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  • Writer's pictureBrent McTavish

Keep an eye out for Moroccan Wines. You might be pleasantly surprised.

Updated: Jun 4, 2020

Collage of images from morocco, a wine bottle and corks and a young couple tasting wine in a vineyard
Wine Tasting in Morocco

#Traveling to distant lands offers so many #fascinating opportunities for #discovery. One of my #favourite #discoveries is #tasting #local wines to see if they agree with my #palette. In #Morocco, and this may be something most people are not aware of, the visitor is surprisingly spoiled for choice.

Being a Muslim country, somehow wine seems like an untouchable, forbidden drink, and for many of the local population it is. However, in all the years of visiting Morocco, I have found the country and its people very #friendly, relatively #tolerant and open minded, especially so to foreign visitors. Probably the most open minded and tolerant city is #Agadir, a true #beach #resort #destination. However, Agadir does not just cater to Westerners, of which there are plenty, but also to Moroccans, other North Africans and many Middle Eastern tourists too. It is a nice and easy place to visit, with little hassle, a relatively slow pace of life with many good and some excellent restaurants. And most importantly for the purposes of this #Blog, easy access to good #Moroccan #Wine!

In Agadir, as opposed to #Marrakech and #Fez, once you find them, there are numerous private “Drink” shops and even a #Carrefour Supermarket with a well stocked and well hidden “Cave a Vin”, where you can purchase a great many local and foreign #wines, #beers and #spirits. Sometimes there's an almost #playful, electric feeling of #naughtiness in the air when stepping into one of these establishments, like #Aladdin’s #forbidden cave.

On average, in Agadir there are more cafes and restaurants where beer and wine is readily available. One of the complaints of Marrakech, is that it is difficult to find a nice simple place to enjoy a glass of wine or a beer, without having to pay a fortune for it… not so in Agadir!

This winter my #husband and I are visiting Morocco for 2 months, with 5 weeks based in an nice #Airbnb #apartment in Agadir. We don’t do much, and that’s the whole point of being here… Reeelaaax. And of course for me to taste the wine. So on with the show!

So far I have discovered a few #Quality Moroccan wines in the higher price bracket. The first one is the 100% Syrah named #TANDEM.

From a meeting in 2003 between Alain #Graillot of #Crozes-Hermitage, Saint Joseph and #Thalvin of Domaine des Ouled Thaleb, one of the most interesting and finest wines from Morocco emerged. Locally priced at around 220MAD **(Moroccan Dirham), approximately 22€.

Another is #VOLUBILIA CLASSIC from Domaine de la Zouina, a blend of #Cabernet-Sauvignon, #Syrah and #Tempranillo. The Domaine is located 20 minutes from the imperial city of #Meknes and 45 minutes from the ancient Roman site of #Volubilis (#UNESCO world heritage), from hence its name comes from. Locally priced at around 150MAD **(Moroccan Dirham), approximately 15€.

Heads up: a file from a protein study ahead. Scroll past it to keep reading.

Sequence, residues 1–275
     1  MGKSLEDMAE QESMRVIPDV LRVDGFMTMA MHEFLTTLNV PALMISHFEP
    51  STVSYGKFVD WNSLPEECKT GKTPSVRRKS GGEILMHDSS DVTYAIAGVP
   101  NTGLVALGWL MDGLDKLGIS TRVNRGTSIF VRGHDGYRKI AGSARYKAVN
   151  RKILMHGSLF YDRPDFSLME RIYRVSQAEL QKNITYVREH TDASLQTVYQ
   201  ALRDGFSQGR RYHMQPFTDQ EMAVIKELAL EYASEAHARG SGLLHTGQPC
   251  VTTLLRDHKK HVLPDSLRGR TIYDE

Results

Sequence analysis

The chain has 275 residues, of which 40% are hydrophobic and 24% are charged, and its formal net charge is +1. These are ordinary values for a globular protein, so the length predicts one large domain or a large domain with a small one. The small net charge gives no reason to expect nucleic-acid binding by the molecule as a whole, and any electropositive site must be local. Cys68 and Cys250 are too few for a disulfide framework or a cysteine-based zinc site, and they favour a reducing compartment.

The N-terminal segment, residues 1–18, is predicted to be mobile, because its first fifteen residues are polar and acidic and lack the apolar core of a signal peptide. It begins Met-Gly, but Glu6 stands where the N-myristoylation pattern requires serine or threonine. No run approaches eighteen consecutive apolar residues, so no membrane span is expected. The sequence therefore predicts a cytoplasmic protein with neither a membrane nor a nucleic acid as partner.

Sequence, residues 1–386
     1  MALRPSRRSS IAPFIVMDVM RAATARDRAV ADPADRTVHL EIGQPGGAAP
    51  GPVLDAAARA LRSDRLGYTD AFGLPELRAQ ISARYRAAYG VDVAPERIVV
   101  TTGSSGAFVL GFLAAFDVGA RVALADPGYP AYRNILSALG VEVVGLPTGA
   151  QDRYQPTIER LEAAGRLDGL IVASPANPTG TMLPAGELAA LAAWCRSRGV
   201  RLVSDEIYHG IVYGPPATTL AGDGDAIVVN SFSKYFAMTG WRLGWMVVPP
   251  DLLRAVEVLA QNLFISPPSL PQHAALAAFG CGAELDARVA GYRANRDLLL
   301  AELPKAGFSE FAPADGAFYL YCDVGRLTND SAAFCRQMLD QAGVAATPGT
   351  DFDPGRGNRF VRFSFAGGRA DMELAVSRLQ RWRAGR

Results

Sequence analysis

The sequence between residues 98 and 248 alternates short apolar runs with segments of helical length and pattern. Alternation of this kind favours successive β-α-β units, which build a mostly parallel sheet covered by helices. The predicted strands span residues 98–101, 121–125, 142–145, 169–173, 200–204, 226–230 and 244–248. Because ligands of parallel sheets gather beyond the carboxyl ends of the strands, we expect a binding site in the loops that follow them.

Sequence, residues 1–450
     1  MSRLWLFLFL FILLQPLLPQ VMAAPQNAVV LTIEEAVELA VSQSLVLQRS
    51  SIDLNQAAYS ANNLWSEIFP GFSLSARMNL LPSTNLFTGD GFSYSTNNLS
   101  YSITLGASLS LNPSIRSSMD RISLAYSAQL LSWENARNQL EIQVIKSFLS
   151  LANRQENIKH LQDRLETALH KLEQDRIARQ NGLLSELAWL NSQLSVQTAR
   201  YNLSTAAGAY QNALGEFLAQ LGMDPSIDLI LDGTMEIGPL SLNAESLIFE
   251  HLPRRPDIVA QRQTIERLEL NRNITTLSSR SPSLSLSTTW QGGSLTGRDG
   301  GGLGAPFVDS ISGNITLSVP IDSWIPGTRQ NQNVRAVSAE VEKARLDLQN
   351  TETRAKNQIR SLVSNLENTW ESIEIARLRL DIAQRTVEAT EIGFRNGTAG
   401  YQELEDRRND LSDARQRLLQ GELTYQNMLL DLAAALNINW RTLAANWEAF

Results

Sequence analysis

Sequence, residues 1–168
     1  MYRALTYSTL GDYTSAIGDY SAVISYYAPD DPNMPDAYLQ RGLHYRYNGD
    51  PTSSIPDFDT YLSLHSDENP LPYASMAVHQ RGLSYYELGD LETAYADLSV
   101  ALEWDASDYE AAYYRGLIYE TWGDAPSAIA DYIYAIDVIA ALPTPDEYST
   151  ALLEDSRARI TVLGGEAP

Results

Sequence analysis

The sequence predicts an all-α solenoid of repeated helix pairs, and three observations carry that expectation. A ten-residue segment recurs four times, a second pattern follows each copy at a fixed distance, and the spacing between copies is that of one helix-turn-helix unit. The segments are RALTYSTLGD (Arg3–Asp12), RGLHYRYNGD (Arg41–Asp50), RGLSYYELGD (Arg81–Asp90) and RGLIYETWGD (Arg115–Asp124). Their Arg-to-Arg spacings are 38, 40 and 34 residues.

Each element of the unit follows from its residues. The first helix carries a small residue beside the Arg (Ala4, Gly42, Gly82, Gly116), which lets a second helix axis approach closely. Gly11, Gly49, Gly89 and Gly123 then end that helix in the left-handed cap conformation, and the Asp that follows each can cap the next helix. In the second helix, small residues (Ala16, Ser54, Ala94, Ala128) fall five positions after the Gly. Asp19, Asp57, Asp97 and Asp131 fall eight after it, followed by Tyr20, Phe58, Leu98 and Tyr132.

Both wines above are very satisfying and beautiful with a meal of Lamb, Beef or even Pasta Bolognese. However, for a nice easy drinking, very reasonably priced wine, my go to is DOMAINE RIMAL GRANDE RESERVE from Les Celliers de Meknès. This wine is locally priced at around 50 - 70MAD **(Moroccan Dirham), approximately 5€ - 7€. It’s an assemblage of Cabernet-Sauvignon, Syrah and #Alicante Bouscher.

Les Celliers de Meknes was founded in 1963 by #Brahim #Zniber, an influential figure in the revival of Morocco's wine industry and today is one of the biggest players in the world of Moroccan wine. Les Celliers de Meknes has 2000 hectares of #vineyards divided into four of Morocco's most #prestigious designations: 2 AOGs #Guerrouane & Beni M’tir and 1 AOC Les Coteaux de L'Atlas, all with modern winemaking facilities. The Zniber family who still run the business have been vine growers for more than half a century and are pioneers of modern wines in Morocco. Happily, they are also converting more and more of their wine production to Organic farming.

Domaine Rimal Grande Réserve, has a Medium + body, with a red-purple colour and aromas of vanilla and dark fruits, with notes of caramel, coffee, nuts, and plums with strong tannins. So far, it’s one the best Moroccan Reds I’ve enjoyed for the price.

Fortunately or unfortunately, depending on your palate, the only one of these wines you might find outside of Morocco will be TANDEM, partially due to the #French Connection and all it’s associated #prestige and distribution powers. But times are a changing and the more Quality Wine Morocco produces, the #higher up in the world wine ranking it can attain.

Keep an eye out for Moroccan Wines. You might be #pleasantly surprised. I continue to be.

** As expected, prices are significantly higher in restaurants.

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Brent McTavish
Brent McTavish
Feb 10, 2020

Thanks Sally. We really love Morocco and the wine can be divine xx


Unknown member
Feb 10, 2020

Terrific informative blog post, I am determined to visit Morocco and you are enticing me there!

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